For more than 100 years the good people of Nenana, Alaska have been gambling on nature. Each season the city takes bets on the exact moment its river will melt. But the Nenana Ice Classic is no small contest. Last year the prize pool exceeded $230,000. And we’re willing to wager the pot will be even bigger this year. John Oliver and the team at HBO’s Last Week Tonight have turned this local competition into a national story.
During the most recent episode of his HBO talk show, John Oliver explained how a small city with a population of less than 400 people has long been turning mother nature into a spectator event. Nenana lets anyone, anywhere in the world, predict the exact minute and second its frozen river breaks apart. It’s one of the oldest continuously running gambling events in the US. It all began in 1917 with some bored railroad engineers. They needed ways to pass the time during a long Alaskan winter. What they decided on was betting on when winter would give way to spring in the cold town.
They also launched a tradition that continues to this day. To determine the exact moment of the big break, the town places a enormous tripod on the river. It then attaches the tripod to a system of pulleys, ropes, and a clock. The clock stops at the exact moment the tripod moves 100 feet down river. (That history of specific measurements also doubles as a boon to climate scientists.)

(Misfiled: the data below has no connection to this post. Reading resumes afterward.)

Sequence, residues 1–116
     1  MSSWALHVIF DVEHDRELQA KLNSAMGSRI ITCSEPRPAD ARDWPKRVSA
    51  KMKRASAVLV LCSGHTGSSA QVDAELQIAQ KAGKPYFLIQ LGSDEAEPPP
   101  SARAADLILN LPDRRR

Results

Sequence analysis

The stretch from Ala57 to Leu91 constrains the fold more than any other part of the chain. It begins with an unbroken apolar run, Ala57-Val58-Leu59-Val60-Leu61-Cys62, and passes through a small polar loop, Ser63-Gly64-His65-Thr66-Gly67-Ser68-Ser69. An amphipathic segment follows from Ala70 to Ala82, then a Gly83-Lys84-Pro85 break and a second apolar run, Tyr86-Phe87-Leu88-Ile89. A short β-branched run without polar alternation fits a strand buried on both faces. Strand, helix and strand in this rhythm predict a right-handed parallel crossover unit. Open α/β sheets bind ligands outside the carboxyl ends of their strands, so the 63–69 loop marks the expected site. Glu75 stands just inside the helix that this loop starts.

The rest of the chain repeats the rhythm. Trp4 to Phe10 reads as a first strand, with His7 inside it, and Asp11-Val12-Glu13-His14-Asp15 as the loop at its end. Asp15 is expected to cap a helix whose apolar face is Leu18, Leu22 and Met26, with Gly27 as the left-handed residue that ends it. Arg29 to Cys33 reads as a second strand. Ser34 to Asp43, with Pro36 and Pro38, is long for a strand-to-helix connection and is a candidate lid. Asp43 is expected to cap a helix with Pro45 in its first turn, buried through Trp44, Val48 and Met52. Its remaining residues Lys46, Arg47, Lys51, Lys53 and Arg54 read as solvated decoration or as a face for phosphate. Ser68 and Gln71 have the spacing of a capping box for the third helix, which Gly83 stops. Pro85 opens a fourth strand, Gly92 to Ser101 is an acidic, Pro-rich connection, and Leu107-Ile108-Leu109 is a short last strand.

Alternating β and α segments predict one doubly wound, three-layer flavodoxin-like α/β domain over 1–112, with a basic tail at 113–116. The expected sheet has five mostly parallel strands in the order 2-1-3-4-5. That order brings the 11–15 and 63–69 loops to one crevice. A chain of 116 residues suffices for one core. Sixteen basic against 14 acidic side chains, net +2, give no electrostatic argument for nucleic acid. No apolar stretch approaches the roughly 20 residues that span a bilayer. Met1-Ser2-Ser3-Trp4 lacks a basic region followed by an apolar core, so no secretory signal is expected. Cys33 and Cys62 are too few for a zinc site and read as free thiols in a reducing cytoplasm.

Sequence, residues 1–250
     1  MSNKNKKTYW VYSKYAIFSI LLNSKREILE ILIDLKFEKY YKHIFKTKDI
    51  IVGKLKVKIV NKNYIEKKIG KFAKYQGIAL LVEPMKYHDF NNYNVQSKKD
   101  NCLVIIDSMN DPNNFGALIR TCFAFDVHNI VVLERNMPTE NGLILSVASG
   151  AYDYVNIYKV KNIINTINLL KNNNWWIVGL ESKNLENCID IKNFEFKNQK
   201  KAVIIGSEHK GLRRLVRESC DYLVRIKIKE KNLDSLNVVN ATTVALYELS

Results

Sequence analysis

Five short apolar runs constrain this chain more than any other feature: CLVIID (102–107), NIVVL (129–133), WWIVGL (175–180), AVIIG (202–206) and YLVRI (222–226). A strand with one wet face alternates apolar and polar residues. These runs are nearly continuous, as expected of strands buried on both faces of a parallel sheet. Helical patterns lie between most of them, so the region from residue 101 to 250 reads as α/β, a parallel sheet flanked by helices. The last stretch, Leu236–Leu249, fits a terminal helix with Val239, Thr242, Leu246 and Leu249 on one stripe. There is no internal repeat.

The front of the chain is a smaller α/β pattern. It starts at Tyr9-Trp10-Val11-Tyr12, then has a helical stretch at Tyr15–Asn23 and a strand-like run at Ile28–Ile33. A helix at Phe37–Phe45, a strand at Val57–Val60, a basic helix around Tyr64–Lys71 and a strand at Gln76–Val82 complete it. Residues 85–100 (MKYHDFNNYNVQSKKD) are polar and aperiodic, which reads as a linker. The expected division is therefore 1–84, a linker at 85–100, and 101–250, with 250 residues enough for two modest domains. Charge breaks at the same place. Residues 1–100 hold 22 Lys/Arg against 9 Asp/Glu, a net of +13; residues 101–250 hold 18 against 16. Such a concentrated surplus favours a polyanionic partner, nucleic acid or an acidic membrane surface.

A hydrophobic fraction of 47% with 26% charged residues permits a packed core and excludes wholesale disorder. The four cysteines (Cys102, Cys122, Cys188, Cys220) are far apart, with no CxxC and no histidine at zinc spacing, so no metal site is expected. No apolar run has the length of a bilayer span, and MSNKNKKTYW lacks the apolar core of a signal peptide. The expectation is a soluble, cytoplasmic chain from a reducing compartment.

To enter the contest all you have to do is pay an entry fee of $2.50. If you’re in town you can drop your guess in a special little red canister. If you’re not nearby, though, you can mail your money and your prediction to Nenana stating which moment in April the river will go. Someone in town with then fill a ticket out for you and pop it in a can. (That is unless you’re a TV show and can send your polar bear mascot to do it in person.)
There’s no limit on how many entries you can have. That’s how last year had 12 winners splitting up a prize pool of $233,591. However, Last Week Tonight and John Oliver is putting all of its eggs in a single basket. It’s going with April 26 at 2:17 p.m. If the show wins it will give all proceeds to the Food Bank of Alaska. But even if it doesn’t win Oliver says they’re still donating $10,000.
That $10k might end up being more than each winner will get. With a national show shining a bright light on this wintry contest we expect a record-setting prize pool.